2/22/2017

CHAPTER 8 Managing in Competitive, Monopolistic, and Monopolistically Competitive Markets

Copyright © 2014 McGraw-Hill Education. All rights reserved. No reproduction or distribution without the prior written consent of McGraw-Hill Education.

Chapter Outline

Chapter Overview

• Perfect competition

– Demand at the market and firm levels – Short-run output decisions – Long-run decisions

• Monopoly – – – –

Monopoly power Sources of monopoly power Maximizing profits Implications of entry barriers

– – – –

Conditions for monopolistic competition Profit maximization Long-run equilibrium Implications of product differentiation

• Monopolistic competition

• Optimal advertising decisions

8-2

1

2/22/2017

Introduction

Chapter Overview

• Chapter 7 examined the nature of industries, and saw that industries differ with respect to their structures, conducts and performances. • This chapter focuses on how managers determine the optimal price, quantity and advertising decisions in the following market environments: – Perfect competition. – Monopoly. – Monopolistic competition.

8-3

Key Conditions

Perfect Competition

• Perfectly competitive markets are characterized by:

– The interaction between many buyers and sellers that are “small” relative to the market. – Each firm in the market produces a homogeneous (identical) product. – Buyers and sellers have perfect information. – No transaction costs. – Free entry into and exit from the market.

• The implications of these conditions are:

– a single market price is determined by the interaction of demand and supply – firms earn zero economic profits in the long run. 8-4

2

2/22/2017

Perfect Competition

Demand at the Market and Firm Levels In Action Price

Market

Price S

Firm

= D 0

Market output

Firm’s output 8-5

Short-Run Output Decisions

Perfect Competition

• The short run is a period of time over which some factors of production are fixed. • To maximize short-run profits, managers must take as given the fixed inputs (and fixed costs), and determine how much output to produce by changing the variable inputs.

8-6

3

2/22/2017

Perfect Competition

Short-Run Profit Maximization: Revenue-Cost Approach In Action Costs

$

Maximum profits Slope of

0

=

A

=

E



Revenue = ×

B Slope of

=

Firm’s output 8-7

Competitive Firm’s Demand

Perfect Competition

• The demand curve for a competitive firm’s product is a horizontal line at the market price. This price is the competitive firm’s marginal revenue. = =

8-8

4

2/22/2017

Perfect Competition

Short-Run Profit Maximization In Action $

=

Profit



0



=

Firm’s output 8-9

Competitive Output Rule

Perfect Competition

• To maximize profits, a perfectly competitive firm produces the output at which price equals marginal cost in the range over which marginal cost is increasing. =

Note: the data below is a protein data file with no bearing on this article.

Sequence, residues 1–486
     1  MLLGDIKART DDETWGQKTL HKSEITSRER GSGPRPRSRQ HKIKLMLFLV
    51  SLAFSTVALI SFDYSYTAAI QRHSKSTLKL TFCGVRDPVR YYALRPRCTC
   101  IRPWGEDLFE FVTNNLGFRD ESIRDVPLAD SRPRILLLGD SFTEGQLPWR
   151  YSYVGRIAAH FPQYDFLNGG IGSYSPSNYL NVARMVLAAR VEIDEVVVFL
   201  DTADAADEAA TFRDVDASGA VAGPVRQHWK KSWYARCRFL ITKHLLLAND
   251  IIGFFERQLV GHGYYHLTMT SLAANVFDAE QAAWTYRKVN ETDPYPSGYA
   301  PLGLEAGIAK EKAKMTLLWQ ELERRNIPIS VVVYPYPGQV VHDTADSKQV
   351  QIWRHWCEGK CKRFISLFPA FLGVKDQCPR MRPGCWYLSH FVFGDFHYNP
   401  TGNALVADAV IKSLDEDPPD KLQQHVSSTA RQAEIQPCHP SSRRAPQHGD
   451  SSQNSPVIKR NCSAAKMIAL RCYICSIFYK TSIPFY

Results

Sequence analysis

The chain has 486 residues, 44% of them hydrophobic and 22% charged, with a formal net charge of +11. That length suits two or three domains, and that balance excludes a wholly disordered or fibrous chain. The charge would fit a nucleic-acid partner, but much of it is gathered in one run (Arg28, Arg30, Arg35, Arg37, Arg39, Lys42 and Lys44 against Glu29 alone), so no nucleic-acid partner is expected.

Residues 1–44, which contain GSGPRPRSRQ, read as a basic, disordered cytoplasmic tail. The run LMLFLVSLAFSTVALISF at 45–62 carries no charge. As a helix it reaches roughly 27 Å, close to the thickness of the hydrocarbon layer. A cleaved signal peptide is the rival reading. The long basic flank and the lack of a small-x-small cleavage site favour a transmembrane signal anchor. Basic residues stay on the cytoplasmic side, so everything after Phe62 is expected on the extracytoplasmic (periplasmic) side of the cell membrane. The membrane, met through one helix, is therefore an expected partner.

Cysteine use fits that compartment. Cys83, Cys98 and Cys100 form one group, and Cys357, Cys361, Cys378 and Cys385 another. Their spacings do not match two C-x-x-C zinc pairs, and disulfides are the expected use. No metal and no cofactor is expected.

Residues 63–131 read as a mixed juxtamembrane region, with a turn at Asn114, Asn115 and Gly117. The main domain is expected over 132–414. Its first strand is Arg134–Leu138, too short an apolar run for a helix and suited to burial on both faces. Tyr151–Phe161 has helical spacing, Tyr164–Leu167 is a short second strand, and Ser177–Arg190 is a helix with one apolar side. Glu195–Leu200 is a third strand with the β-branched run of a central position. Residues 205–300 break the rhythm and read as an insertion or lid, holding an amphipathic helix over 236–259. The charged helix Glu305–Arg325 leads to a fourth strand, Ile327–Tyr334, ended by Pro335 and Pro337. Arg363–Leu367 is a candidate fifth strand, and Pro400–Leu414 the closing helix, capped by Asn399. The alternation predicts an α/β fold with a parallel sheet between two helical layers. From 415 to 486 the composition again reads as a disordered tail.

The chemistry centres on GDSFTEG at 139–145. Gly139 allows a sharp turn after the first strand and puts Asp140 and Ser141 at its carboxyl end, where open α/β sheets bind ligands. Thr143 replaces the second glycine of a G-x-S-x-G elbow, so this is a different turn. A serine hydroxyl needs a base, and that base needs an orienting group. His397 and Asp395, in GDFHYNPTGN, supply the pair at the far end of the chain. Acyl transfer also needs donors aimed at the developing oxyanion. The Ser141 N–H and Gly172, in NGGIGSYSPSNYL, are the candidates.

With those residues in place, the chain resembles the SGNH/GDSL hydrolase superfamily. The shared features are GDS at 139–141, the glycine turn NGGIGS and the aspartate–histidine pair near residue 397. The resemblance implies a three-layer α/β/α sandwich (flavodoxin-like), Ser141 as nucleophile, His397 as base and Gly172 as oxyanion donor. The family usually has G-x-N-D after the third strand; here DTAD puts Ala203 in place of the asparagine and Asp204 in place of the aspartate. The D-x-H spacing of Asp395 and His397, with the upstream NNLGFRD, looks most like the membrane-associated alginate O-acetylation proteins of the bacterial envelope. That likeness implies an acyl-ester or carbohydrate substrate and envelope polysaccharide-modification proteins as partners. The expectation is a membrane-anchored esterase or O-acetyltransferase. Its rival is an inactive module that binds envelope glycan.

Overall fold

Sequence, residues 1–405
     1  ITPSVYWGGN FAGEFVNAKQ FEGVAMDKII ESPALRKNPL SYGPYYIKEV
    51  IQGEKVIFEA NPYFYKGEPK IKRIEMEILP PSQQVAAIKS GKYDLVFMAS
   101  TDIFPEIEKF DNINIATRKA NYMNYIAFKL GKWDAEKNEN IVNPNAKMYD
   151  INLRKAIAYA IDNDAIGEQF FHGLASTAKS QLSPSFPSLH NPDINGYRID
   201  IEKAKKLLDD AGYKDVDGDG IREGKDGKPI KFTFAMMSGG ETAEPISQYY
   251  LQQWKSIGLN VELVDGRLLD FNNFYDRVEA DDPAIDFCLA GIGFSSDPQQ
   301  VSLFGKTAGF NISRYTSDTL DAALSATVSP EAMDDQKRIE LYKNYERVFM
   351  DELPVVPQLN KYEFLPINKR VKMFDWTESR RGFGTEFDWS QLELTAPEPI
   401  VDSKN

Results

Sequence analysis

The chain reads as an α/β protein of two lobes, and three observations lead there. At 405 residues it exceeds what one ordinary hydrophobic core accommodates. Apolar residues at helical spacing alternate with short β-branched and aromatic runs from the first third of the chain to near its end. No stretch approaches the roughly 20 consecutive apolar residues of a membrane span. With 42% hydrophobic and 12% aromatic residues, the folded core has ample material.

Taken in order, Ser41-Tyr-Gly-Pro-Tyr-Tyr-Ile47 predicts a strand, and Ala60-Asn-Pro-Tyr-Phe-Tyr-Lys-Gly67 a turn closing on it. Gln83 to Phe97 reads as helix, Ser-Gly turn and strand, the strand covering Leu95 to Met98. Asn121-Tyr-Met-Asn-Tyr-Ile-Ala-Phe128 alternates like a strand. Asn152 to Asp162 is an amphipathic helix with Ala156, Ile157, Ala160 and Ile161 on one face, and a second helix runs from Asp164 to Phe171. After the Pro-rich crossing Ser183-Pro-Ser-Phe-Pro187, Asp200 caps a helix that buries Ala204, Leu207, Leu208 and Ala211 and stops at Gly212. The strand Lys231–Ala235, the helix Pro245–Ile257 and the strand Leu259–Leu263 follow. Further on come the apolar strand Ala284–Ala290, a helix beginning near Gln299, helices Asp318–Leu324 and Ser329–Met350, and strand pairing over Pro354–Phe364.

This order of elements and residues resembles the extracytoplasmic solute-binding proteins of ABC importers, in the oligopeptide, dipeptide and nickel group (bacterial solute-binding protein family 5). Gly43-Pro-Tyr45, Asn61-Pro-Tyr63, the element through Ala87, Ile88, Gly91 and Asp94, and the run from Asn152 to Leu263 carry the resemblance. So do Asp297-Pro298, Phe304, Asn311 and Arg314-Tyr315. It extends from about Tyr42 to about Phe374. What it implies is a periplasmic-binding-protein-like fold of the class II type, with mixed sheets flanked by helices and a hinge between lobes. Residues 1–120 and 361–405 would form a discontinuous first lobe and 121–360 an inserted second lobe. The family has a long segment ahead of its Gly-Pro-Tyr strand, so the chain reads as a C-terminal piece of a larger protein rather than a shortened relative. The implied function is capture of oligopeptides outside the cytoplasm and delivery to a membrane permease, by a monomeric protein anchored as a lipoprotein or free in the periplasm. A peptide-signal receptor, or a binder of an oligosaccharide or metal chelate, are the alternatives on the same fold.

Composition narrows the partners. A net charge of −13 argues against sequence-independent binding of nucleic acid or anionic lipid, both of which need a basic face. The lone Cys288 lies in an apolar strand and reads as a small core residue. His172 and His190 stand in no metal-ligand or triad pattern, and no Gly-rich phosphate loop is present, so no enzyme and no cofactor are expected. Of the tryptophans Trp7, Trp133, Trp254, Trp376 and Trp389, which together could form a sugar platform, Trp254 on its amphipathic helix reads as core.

8-10

5

2/22/2017

Competitive Output Rule In Action

Perfect Competition

• The cost function for a firm is = 5 + . If the firm sells output in a perfectly competitive market and other firms in the industry sell output at a price of $20, what price should the manager of this firm charge? What level of output should be produced to maximize profits? How much profit will be earned? • Answer: – Charge $20. – Since marginal cost is 2 , equating price and marginal cost yields: $20 = 2 ⟹ = 10 units. – Maximum profits are: = 20 × 10 − 5 + 10 = $95.

8-11

Perfect Competition

$

Short-Run Loss Minimization In Action

Loss



0

=



=

Firm’s output 8-12

6

2/22/2017

Perfect Competition

The Shut-Down Case In Action

$

Loss if shut down



Fixed Cost



=

=

Loss if produce

0



Firm’s output 8-13

Short-Run Output Decision

Perfect Competition

• To maximize short-run profits, a perfectly competitive firm should produce in the range of increasing marginal cost where = , provided that ≥ . If < , the firm should shut down its plant to minimize it losses.

8-14

7

2/22/2017

Perfect Competition

Short-Run Firm Supply Curve In Action $

Short-run supply curve for individual firm

0

Firm’s output 8-15

Firm’s Short-Run Supply Curve

Perfect Competition

• The short-run supply curve for a perfectly competitive firm is its marginal cost curve above the minimum point on the curve.

8-16

8

2/22/2017

Market Supply Curve In Action

Perfect Competition

P

Individual firm’s supply curve

Market supply curve S

$12 $10 0

1

500

Market output 8-17

Long-Run Decisions: Entry and Exit In Action

Perfect Competition

Price

Price

Exit

Entry

0

D

Market output

0

=

=

=

=

=

=

Firm’s output 8-18

9

2/22/2017

Perfect Competition

Long-Run Competitive Equilibrium In Action $

Long-run competitive equilibrium

=

0



=

Firm’s output 8-19

Long-Run Competitive Equilibrium

Perfect Competition

• In the long run, perfectly competitive firms produce a level of output such that  

= =

8-20

10

2/22/2017

Monopoly and Monopoly Power

Monopoly

• A market structure in which a single firm serves an entire market for a good that has no close substitutes. • Sole seller of a good in a market gives that firm greater market power than if it competed against other firms. – Implication:

• market demand curve is the monopolist’s demand curve.